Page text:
It is the New Year, and my husband and I were planning to celebrate our honeymoon by visiting Europe without our minor children. The day before our departure, my neighbor told me of a tragic experience she had during her last trip away from her children. She left her children with their grandparents and she and her husband took their first vacation without the children in over 10 years. She said her vacation abruptly ended just one day after landing in Japan and it took two days to book a flight back to Florida. Once learning that her 12-year-old daughter was taken by the grandparents to the hospital, unconscious, she said panic set in at once. Unfortunately, the grandparents were not the legal guardians and couldn’t make any medical decisions on behalf of their granddaughter. Q: What are parents to do if they are away and out of reach of their children who are staying with others should their children need consent for emergency medical treatment?
A: It is complicated. Sadly, in the case of tragedy, more than 50% of all adults have no health care documents for themselves and most children have no such documents whatsoever. Consider the following examples.
Ainsley, 12 years old, went camping with her friend’s family. While hiking, Ainsley fell from a lakeside rope swing, landed headfirst on large rocks, and suffered brain trauma that needed immediate medical treatment. Because her parent’s friends caring for Ainsley had no authorization to give medical consent, Ainsley suffered for 48 hours until her parents could be reached and return from abroad to the hospital to authorize treatment. Had Ainsley’s parents prepared health care directives authorizing her friend’s parents to act as Ainsley’s health care surrogate, treatment could have been immediate.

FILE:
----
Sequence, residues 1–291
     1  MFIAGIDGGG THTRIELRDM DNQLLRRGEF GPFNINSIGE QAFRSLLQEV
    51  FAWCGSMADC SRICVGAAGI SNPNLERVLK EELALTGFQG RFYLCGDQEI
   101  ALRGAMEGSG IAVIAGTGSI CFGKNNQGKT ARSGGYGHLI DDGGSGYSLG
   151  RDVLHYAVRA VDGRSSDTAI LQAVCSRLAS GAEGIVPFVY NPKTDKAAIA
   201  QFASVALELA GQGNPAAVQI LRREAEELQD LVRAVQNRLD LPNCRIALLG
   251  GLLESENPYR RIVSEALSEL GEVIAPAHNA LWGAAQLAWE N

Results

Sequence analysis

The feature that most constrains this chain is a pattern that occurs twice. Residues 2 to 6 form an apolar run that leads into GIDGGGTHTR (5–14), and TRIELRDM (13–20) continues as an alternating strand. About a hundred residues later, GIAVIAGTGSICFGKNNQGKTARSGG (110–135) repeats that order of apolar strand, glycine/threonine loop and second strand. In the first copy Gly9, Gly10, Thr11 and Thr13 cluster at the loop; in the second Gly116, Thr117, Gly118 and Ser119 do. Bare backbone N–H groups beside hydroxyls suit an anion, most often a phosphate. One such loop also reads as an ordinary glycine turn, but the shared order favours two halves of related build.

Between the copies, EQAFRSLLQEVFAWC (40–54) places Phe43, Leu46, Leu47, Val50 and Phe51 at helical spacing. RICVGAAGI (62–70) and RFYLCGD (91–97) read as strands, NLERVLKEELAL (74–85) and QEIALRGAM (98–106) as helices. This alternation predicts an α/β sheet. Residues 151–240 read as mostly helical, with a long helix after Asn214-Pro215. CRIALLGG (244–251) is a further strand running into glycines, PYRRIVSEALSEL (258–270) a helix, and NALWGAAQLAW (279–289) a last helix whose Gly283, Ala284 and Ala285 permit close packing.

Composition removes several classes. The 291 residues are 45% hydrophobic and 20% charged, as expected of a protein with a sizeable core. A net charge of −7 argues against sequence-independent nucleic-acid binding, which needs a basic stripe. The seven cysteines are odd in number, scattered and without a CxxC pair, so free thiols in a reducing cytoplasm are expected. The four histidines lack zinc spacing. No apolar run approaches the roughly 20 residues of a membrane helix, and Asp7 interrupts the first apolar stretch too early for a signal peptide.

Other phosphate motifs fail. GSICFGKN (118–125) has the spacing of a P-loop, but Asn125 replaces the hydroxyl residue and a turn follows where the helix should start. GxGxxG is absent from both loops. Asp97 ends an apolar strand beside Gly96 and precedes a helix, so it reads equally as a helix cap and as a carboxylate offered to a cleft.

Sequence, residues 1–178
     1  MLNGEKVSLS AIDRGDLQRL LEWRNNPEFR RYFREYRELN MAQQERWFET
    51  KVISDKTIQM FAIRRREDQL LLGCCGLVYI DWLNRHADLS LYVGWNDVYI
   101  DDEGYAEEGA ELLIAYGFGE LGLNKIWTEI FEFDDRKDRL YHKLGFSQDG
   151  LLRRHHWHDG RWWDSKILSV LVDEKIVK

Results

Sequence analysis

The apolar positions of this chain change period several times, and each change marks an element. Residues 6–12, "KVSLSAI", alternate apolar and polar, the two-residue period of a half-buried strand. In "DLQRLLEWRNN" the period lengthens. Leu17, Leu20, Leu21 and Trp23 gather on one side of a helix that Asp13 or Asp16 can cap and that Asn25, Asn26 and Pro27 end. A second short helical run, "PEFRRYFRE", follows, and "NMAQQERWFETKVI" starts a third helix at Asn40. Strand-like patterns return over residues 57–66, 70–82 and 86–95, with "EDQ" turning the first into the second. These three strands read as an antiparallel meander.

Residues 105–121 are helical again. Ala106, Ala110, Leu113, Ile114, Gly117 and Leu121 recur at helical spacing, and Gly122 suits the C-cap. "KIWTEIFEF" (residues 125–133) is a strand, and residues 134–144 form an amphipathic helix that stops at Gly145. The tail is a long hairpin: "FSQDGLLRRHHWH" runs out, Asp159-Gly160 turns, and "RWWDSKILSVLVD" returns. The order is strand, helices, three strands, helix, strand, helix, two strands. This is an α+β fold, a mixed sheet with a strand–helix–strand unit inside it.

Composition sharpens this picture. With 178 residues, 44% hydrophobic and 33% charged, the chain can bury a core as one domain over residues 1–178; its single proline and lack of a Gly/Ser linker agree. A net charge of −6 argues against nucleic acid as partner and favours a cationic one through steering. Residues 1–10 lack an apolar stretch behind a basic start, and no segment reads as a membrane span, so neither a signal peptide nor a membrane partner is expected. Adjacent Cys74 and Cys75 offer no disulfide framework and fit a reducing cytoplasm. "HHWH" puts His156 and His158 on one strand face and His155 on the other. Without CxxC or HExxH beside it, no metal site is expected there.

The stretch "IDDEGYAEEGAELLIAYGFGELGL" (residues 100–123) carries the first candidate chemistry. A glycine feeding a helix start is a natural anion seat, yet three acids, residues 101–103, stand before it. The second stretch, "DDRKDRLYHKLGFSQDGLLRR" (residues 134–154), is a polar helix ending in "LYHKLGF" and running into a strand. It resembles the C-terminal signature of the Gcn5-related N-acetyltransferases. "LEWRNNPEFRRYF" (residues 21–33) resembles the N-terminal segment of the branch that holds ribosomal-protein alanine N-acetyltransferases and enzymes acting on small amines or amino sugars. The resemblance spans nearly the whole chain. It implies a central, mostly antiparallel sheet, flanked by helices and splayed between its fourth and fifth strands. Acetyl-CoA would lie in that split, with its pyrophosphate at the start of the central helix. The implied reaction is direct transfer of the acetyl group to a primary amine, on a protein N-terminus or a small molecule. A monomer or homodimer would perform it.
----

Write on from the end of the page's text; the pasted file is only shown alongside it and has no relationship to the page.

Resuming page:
Another example: Doris stopped planting flowers to answer her cell phone. A friend of her son at college, seven states away, gave her horrifying news that her son, Joshua, had seriously injured himself falling from a balcony at a fraternity party and was taken by ambulance, unconscious, to the hospital. Doris immediately called the emergency room where her son was taken but was told that because Joshua was 18 years old and now an adult, Doris could not authorize treatment unless she had a health care directive naming her as Joshua’s surrogate.
To give his consent, Joshua, before leaving for college, would have had to prepare a health care directive naming his mother, Doris, as his surrogate.
The good news is that in 2020, Florida passed new laws enabling the signing and notarization of legal documents remotely with state approved document signing computer management programs and notaries who are certified to perform remote notary services. Today you may be halfway around the world and sign legal documents authorizing others to act on your behalf until you return home.
But don’t wait until you are far, far away. Meet with an estate planning attorney and prepare a health care directive for your children before you travel.